Mississippi River Forum Workshop, July 27, 2012
Presentations and Documents
Jonee Kulman Brigham, UMN Center for Sustainable Building Research.
Jonee Kulman Brigham presented on the following: "Could you tell me where, exactly, your drinking water enters your house, where it comes from, where your sink water goes and what happens to it when it leaves your house, and what wildlife are living alongside your "waste water"? A group of preschoolers can! As we think about communicating with the public more effectively about clean water, here's an opportunity to learn from a unique watershed education project that literally walked young students through their urban watershed. Last May, 39 children (ages 4 to 6) began a journey from their school in Little Canada, MN through the urban water cycle: following the water infrastructure that connects the Mississippi River to their sink. The students' two week field-based unit included a visit to the water treatment plant, mapping how the water travels from the treatment plant to their sink, learning from public works staff where their school's toilet and sink water goes, taking a boat trip on the Mississippi River--where their water ultimately ends up after they've used it--and learning about the wildlife that calls the river home and their dependence on clean water. After this field work, the students told stories of their water journey using photographs and drawings in visual journals and through contributing to the 8-foot participatory map that charted their path. They also are participating in a related art installation and are planting native flowers on the school property to make stormwater improvements. Learning how clean water comes to us, and how we impact it, through hands-on activities in familiar places, is something from which all residents--adults and children alike--can learn. Come hear how one group of students learned these lessons in a very comprehensive yet personally meaningful way--then think about how we can all communicate about the urban water cycle more effectively."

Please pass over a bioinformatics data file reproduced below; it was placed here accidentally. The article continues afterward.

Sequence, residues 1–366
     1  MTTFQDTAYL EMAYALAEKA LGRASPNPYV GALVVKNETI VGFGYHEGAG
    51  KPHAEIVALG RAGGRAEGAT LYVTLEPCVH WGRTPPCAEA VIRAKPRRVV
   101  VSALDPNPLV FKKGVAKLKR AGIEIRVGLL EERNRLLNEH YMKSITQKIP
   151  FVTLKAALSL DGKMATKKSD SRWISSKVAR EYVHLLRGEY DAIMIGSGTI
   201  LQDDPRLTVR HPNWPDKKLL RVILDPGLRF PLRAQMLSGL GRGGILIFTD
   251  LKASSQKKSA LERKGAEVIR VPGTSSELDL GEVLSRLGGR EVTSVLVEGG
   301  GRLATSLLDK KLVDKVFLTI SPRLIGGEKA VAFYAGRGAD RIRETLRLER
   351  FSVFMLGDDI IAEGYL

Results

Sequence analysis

Jonee Kulman Brigham, AIA is a researcher in the area of Green Schools and Environmental Education at the University of Minnesota's Center for Sustainable Building Research, and an artist at Full Spring Studio.
Download the presentation (PDF, 3.2 mb)
Did You Know?
Over 600 men worked around the clock using hand tools, horses and coal powered shovels to build the original Coon Rapids Dam in 1913. The dam was rebuilt between 1995 and 1997.